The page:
The “first dirty little secret” about business planning is virtually no one has been trained on the nuts and bolts of being profitable. The second “dirty little secret” is even more insidious.

Ninety percent of all businesses do not have a business plan. Even for the small percentage of agents who do have a plan, most of them view it as a yearly or monthly chore to complete. The second dirty little secret of business planning is that planning, to be effective, must be done daily throughout the course of your day, every day.

In real estate sales, the bottom line is people who “wing it” fail. You wouldn’t go on a listing appointment without a CMA, yet thousands of agents go on appointments without adequate planning, without a clear plan to assist the buyer or seller, and without clear strategies for negotiation. Couple this with the fact that most agents have difficulty controlling their time, it comes as no surprise so many agents are struggling simply to get by. To do a better job in planning in your business, begin with these key areas.

1. Plan Your Listing Presentations

Tighten up your listing presentation so it can be presented in 20 minutes or less. A solid presentation will include a 90-day marketing plan and three specific strategies for target marketing the property. If you haven’t done so already, create a generic marketing plan and then customize the plan for each seller.

2. Your plan should include time for “competitor reconnaissance.”

Visit your competitors’ Web sites to learn what services they offer and how your services are different. Be ready to counter your competitors “value proposition” with at least five things you and your company do that your competitors don’t do.

3. Schedule time to learn about your clients, not just their property.

Ask potential clients about outside interests, where they enjoy spending time when they’re not working, as well as doing an online search on Google by typing in their name. If you discover your client has published an article or has been repeatedly mentioned in the newspaper, you now have an additional means to form a connection.

4. For relocation or other corporate clients, research their company, as well as incorporating marketing statistics in your presentation.

If you’re working with a bank on relocation or REO property, take some time to learn about the company, who the key decision makers are, as well as what their backgrounds are. If your business contact is a “hard driving” nuts and bolts type of person, skip the sales pitch and go immediately to the bottom line. Substantiate whatever you give them with clear-cut research that supports the price you are proposing. On the other hand, if your contact prefers a more personal approach, spend whatever time is required to get to know more about what matters to them.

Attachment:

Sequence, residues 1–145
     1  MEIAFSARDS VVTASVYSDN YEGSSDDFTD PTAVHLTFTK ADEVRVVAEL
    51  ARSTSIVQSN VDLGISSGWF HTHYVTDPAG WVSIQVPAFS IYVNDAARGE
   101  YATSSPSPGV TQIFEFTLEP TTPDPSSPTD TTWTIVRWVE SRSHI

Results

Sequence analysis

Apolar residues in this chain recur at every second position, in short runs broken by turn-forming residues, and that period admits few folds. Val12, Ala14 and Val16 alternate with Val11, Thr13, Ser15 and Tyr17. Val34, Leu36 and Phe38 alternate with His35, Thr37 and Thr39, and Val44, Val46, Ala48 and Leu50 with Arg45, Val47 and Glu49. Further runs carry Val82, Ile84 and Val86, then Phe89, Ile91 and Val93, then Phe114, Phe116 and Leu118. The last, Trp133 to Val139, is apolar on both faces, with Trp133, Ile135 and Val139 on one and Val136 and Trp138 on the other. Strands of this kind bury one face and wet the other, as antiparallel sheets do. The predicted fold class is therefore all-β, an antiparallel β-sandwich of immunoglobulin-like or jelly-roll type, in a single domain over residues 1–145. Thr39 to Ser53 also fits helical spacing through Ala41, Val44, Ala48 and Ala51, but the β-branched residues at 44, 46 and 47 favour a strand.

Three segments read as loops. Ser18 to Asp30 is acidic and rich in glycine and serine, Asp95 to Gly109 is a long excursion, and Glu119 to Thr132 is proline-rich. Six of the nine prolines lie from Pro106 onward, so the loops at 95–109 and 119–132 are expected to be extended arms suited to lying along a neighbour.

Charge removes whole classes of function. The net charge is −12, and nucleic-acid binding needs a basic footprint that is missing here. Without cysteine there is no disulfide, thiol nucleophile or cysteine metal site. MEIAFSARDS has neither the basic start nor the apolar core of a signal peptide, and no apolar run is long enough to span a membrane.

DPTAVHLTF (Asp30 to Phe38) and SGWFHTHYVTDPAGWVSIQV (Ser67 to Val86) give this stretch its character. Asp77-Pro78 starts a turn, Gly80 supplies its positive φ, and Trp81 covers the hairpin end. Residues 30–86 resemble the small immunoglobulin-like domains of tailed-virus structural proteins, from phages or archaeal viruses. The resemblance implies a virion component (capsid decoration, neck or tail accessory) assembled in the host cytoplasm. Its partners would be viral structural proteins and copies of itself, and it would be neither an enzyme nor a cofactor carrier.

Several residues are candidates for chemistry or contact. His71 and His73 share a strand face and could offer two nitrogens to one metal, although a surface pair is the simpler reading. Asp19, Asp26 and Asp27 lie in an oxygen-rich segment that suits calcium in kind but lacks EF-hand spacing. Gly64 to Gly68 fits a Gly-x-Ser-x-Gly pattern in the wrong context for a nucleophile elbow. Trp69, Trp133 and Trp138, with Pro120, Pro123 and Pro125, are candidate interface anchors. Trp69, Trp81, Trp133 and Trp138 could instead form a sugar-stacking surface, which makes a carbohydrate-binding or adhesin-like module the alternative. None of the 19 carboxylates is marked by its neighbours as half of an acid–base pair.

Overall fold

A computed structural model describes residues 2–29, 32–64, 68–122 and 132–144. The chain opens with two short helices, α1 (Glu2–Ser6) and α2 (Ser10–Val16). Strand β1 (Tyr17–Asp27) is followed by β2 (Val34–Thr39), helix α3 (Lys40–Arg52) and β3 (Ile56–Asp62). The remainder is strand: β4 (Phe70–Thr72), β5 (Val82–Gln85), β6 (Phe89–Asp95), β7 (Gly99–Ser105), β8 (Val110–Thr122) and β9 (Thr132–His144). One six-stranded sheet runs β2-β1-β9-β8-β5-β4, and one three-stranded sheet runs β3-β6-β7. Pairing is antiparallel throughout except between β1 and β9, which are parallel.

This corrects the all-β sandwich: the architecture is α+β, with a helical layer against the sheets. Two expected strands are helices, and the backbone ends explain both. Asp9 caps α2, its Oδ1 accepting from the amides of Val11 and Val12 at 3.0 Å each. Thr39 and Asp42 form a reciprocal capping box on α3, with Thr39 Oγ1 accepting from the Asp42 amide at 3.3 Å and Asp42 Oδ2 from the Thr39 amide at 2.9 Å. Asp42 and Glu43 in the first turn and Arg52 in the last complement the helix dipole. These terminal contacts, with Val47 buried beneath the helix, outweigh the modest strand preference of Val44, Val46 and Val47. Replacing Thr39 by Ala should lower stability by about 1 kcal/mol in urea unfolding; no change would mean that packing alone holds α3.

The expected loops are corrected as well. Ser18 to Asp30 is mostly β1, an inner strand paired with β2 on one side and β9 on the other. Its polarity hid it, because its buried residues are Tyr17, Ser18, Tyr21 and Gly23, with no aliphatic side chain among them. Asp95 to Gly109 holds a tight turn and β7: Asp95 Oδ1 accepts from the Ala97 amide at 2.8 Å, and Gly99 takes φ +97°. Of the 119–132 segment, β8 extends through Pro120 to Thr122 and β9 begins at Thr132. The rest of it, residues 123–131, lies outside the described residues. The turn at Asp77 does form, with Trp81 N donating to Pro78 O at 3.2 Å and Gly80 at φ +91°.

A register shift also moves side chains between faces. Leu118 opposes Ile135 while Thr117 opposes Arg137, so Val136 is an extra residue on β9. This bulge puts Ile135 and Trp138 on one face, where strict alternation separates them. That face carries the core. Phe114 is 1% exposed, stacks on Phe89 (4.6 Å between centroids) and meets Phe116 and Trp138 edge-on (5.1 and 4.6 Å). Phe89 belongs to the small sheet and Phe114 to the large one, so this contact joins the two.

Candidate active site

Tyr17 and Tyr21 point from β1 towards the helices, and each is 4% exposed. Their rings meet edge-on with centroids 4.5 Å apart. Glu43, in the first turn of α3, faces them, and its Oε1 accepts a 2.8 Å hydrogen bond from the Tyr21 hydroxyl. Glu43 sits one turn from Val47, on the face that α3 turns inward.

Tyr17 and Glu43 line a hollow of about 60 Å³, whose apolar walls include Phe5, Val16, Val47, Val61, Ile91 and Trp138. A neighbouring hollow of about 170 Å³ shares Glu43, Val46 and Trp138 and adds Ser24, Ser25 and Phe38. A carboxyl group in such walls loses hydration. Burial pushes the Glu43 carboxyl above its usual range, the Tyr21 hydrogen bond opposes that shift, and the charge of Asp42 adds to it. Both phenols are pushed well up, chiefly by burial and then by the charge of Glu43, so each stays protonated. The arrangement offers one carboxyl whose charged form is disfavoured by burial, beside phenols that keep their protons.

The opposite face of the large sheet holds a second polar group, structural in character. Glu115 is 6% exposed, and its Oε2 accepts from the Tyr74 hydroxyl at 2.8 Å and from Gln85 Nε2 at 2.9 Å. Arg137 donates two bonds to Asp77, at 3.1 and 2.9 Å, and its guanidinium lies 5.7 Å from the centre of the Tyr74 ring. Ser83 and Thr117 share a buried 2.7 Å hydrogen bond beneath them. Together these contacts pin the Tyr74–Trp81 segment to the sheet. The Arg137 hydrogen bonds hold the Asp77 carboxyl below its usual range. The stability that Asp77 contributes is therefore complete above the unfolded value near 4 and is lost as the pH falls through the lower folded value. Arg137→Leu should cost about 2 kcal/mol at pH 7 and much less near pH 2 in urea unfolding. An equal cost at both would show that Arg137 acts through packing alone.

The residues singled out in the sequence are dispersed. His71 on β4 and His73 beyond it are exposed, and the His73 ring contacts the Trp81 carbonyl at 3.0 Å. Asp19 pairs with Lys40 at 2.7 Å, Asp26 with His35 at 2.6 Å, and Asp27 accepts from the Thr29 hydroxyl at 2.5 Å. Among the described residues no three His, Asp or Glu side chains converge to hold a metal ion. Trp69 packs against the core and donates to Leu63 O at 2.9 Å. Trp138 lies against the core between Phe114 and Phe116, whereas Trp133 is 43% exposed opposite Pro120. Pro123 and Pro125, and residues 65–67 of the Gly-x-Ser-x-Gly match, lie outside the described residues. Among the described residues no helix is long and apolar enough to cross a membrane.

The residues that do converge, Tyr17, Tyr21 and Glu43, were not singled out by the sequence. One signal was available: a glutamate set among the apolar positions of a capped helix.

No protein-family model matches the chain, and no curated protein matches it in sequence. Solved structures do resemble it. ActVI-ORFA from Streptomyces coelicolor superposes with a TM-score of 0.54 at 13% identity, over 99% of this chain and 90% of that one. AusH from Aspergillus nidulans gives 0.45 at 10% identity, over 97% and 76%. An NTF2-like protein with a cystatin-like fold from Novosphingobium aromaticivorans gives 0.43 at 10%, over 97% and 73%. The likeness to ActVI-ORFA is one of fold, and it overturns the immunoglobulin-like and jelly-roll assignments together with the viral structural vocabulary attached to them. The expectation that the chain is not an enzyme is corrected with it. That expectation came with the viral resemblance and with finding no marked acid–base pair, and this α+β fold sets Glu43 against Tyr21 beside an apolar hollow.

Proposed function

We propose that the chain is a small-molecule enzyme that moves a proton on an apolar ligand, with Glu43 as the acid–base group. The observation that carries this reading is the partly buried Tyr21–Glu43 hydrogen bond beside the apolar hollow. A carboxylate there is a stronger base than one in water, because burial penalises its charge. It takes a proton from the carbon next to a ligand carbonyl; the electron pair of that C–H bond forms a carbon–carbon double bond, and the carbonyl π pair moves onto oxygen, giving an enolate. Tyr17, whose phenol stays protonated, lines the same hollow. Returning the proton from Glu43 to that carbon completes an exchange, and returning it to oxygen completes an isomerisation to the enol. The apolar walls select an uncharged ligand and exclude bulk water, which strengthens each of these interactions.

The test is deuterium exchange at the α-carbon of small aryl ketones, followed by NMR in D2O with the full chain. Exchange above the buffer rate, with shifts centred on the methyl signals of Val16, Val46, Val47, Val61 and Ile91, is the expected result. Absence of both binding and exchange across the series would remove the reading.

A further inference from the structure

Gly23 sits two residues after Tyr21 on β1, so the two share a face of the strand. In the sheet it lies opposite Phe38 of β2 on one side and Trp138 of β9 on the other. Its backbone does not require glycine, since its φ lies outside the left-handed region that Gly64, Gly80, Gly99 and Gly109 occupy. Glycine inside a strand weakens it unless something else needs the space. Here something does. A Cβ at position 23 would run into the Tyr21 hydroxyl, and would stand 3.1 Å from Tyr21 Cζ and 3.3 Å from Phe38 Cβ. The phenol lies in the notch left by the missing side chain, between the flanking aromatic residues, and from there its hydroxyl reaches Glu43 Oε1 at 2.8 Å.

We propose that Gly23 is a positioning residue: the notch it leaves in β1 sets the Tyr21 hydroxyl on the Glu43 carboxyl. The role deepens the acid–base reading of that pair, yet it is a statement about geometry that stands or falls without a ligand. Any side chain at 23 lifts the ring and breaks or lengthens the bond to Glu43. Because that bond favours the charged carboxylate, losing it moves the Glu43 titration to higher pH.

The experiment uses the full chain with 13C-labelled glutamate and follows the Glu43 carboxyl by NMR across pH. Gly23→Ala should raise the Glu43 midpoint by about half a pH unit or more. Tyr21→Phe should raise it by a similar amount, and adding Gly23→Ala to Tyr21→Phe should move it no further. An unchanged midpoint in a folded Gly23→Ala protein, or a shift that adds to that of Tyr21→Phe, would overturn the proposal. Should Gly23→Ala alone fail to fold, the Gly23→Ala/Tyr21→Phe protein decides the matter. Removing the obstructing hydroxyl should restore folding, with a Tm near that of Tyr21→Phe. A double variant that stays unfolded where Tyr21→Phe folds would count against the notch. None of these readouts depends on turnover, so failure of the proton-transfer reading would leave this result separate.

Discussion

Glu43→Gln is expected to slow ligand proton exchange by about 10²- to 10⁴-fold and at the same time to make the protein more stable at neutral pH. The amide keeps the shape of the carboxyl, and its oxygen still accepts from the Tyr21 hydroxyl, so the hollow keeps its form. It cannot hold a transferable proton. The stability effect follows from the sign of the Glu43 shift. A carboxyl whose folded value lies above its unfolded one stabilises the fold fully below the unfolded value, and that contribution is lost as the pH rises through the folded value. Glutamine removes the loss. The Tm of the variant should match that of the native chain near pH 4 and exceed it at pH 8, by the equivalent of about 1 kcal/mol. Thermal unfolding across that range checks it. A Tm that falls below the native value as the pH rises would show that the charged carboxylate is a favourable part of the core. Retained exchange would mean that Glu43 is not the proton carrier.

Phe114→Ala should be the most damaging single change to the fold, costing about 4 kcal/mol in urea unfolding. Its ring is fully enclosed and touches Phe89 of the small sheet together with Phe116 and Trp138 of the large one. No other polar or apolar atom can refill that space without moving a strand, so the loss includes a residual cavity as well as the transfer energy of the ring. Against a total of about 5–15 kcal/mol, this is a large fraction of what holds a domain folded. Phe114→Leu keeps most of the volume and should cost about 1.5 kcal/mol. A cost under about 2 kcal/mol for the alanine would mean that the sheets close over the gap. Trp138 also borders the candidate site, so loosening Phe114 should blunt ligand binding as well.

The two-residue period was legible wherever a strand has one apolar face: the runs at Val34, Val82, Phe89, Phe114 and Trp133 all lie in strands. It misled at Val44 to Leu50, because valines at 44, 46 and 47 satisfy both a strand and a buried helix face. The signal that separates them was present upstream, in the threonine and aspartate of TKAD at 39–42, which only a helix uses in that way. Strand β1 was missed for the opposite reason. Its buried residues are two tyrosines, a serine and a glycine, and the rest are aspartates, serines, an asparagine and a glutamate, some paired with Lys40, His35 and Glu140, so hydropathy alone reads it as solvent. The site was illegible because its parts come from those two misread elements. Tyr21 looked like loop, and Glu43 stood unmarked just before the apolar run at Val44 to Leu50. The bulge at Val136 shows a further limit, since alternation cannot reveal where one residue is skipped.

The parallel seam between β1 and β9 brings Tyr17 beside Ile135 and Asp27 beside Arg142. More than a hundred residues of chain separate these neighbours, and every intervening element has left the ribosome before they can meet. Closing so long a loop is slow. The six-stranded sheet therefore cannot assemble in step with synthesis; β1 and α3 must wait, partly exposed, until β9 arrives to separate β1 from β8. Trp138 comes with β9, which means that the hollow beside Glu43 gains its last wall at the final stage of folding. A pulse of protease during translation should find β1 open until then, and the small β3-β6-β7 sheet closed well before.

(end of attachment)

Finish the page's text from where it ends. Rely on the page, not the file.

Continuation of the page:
5. Based upon whom you are calling upon, plan your presentation to suit the situation.

Bottom-line people don’t want to be bothered with “bonding.” Stay focused on the big picture in terms of facts and figures. Engineers and accountant-types like seeing detailed numbers. On the other hand, people who are more artistic could care less. Instead, focus on the esthetics of the home, as well as their areas of interest.

6. “Dress for success.”

A great guideline in terms of planning for appointments is to dress like your clients would when they’re at work. Also, remember too much jewelry makes you look “flashy” and makes you “untrustworthy” in the eyes of many clients. When it comes to how you dress, “less is more” and “understated elegance” should be your guiding principles.

7. Customize your plan for each client by identifying which tech tools are most appropriate.

For sophisticated hi-tech or accounting types, transaction-tracking software is a smart move. For non-computer types, face-to-face and telephone contact is an absolute must. Remember, choose your support tools based upon your client’s preferences rather than your own.

8. When it comes to planning, “under-promise and over-deliver.”

When showing property, always tell your clients it will take at least 20 minutes longer than you planned. When you’re working on a listing, promise about 75 percent of what you think you can deliver and then deliver more than you promise. People who over-promise seldom get future referrals and create a host of problems for themselves in terms of closing the transaction. Also, remember to allow extra time to get to your appointments. Punctuality is a must in any solid business plan.

9. Plan time for practice time.

Remember, a great presentation is based upon a clear-cut plan, but unless you have practiced your delivery, your likelihood of success is greatly reduced.

A successful business plan is one you use every day, throughout the course of the day. Taking time to plan actually saves you time in the long run, increases your effectiveness, and ultimately results in more income for you.

Bernice Ross is an owner of and can be reached at


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